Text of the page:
Review CCC @ ISTANBUL2010
| 2011-11-10 14:54:38
ON PUBLIC, SOCIAL AND CULTURAL URBAN SHORES
Most interesting remark by Turkish artists who visited our beach at Tuyap: ‘Sitting on beachchairs with our feet in the sand watching the documentary on the Dutch 17th century painters (‘Dutch Light’) seems ironic.” But it isn’t. The shore is not only a place of superficial pleasures, it is also a public, social and cultural urban hotspot.
In September 2009 Jacqueline Heerema/co founder of Satellietgroep participated in the worktrip by Stroom The Hague to Istanbul. During this worktrip 8 organizers of artists run initiatives gained a first insight in the cultural infrastructure of Istanbul. One of the meetings was with Teike Assselbergs, Dutch artist an organizer, who lives and works in Istanbul, She introduced the concept of the Kunst Vlaai/Art Pie for Istanbul 2010, Cultural Capital of Europe. This special edition of the Kunst Vlaai/Art Pie is the first one abroad Amsterdam.
In October 2009 Andries Micke/co founder of Satellietgroep participated in the first Meeting in Istanbul to prepare the Art Pie 2010.
We organized a special citytour with urbanist Orhan Esen (TR) 'Istanbul + the sea. The particular way waterways helped to shape the urbanity in Istanbul'. as a coastal research for future collaboration projects. Nine Dutch architects and urbanists joined our program
Satellietgroep researches the way the sea and waterways influence cities and people.
In The Hague (The Netherlands) one of our projects is BADGAST (Seaside Guest) - an international artists in residence program and Cinema at Sea. At BADGAST we invite artists, scientists, (landscape) architects, urbanists and designers to develop new concepts and strategies focused on a future new approach of the sea and coastal urban areas. BADGAST is located right in he middle of our research area: all aspects of living and working on the shore are there most strongly present: protection from flooding, downgraded fishing and harbour community, a (still) single minded focus on beachtourism as a consumption and commercial tool, urban coastal development strategies that (stlll) focus only on pleasure and leisure, overcrowded summer beaches, derelict wintertimes.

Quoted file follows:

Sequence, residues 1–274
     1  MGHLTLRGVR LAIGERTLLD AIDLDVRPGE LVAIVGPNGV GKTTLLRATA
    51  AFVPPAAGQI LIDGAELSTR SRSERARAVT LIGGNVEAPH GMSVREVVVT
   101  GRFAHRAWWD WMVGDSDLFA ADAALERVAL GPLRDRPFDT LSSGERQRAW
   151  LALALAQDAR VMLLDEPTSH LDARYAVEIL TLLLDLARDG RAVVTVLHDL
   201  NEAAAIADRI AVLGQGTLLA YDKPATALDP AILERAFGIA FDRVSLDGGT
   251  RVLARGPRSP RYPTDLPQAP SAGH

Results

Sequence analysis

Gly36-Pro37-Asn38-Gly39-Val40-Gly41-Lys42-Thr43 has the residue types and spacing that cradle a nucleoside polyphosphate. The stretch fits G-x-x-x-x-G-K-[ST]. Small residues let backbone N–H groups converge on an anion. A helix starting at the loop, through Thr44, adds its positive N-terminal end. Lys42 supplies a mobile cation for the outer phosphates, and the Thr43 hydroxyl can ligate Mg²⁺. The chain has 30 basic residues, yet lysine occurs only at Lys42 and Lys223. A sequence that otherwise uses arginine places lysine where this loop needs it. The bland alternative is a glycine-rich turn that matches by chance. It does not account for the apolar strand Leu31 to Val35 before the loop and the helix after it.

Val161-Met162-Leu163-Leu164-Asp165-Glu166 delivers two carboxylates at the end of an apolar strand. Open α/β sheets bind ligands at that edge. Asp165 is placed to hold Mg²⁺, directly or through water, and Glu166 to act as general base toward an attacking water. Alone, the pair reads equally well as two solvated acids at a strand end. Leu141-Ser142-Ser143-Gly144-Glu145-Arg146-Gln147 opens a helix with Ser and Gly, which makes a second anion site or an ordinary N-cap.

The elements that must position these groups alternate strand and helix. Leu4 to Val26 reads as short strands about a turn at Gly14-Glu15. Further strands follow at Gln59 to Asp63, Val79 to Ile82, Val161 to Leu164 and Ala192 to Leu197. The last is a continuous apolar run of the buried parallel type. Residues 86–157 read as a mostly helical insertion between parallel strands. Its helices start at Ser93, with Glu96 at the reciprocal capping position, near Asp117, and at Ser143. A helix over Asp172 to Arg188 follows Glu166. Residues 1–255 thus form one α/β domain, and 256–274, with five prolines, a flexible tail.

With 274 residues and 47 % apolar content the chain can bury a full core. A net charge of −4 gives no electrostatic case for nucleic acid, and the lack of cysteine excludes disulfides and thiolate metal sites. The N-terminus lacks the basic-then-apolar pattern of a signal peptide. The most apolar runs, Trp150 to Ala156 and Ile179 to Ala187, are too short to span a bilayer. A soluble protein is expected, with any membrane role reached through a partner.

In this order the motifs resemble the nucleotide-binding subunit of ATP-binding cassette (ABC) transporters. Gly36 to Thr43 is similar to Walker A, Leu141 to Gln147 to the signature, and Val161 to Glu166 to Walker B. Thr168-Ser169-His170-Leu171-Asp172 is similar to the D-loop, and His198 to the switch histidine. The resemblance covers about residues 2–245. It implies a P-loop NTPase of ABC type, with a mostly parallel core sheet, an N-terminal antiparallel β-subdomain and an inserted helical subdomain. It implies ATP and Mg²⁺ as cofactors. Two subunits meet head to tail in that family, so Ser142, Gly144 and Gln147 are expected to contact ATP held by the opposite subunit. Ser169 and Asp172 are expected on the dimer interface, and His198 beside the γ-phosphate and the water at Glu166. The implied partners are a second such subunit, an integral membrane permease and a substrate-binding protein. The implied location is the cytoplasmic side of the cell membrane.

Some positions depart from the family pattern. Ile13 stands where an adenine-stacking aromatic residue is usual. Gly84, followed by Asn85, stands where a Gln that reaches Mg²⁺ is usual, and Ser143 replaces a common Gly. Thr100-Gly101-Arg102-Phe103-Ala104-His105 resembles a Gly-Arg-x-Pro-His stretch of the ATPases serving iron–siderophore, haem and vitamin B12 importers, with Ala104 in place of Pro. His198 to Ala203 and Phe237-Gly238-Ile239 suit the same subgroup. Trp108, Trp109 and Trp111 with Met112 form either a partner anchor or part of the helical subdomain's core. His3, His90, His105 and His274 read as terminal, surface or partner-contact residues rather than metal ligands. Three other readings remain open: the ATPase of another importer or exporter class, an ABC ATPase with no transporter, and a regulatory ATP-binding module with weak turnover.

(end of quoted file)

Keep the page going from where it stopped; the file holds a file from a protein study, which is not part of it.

Starting our research on Istanbul, several obvious aspects appeared:
Holland is a flat country, forever dealing with the struggle against the sea. The country is bordered on 2 sides by the sea. We have a huge tradition of conquering land from the sea (man made nature), and our beautiful Dutch Light has inspired artists from the 17th century painters on to contemporary art (Joseph Beuys stated we lost the Dutch light when we closed the Southern Sea with a 32 km dike).
You could state that the Dutch have a frontal relationship with the sea.
Istanbul however is a city built on hills, with sea straits meandering through the city. Due to the differences in heights in the city from all over you seem to notice the space the waterways provide as an urban oasis in a hectic city. The connection is more like in a labyrinth.
There has always been a north – south movement on the Bosporus, with boats distributing goods and culture. Due to commuting, this movement has shifted to the west – east connection.
In all of Holland live 16 million people, in the city of Istanbul 15 – 20 million people.
Both in The Hague as in Istanbul you can feel a huge pressure on the seafront. Somewhere in the urban coastal developments we seem to neglect the public, social and cultural importance of urban life at these seafronts. Both cities show a tendency to focus on strategies that exclude people from the shores. For instance, in The Hague (concerning Scheveningen - the part of the city that lies actually on the seaside) 3 topics are emphasized: Bath, Village, Harbour. In our recent research ‘Op Scheveningen’ Satellietgroep enlarged that scope to 6 cultural topics: Sea, Bath, Village, Harbour, Locals and Guests.
It is interesting to continue our research on Istanbul, where now 3 large ‘voids’ on the cityshore await urban redevelopment. It seems like an open invitation to develop new strategies by artists, urbanists and locals for public and social Interventions, that could open up new vistas on the relationship of the city and inhabitants with the sea and shores. Also, due to the development of the 3rd bridge over the Bosporus and the corresponding enlargement of the city to the north, the coast of the Black Sea will be under pressure…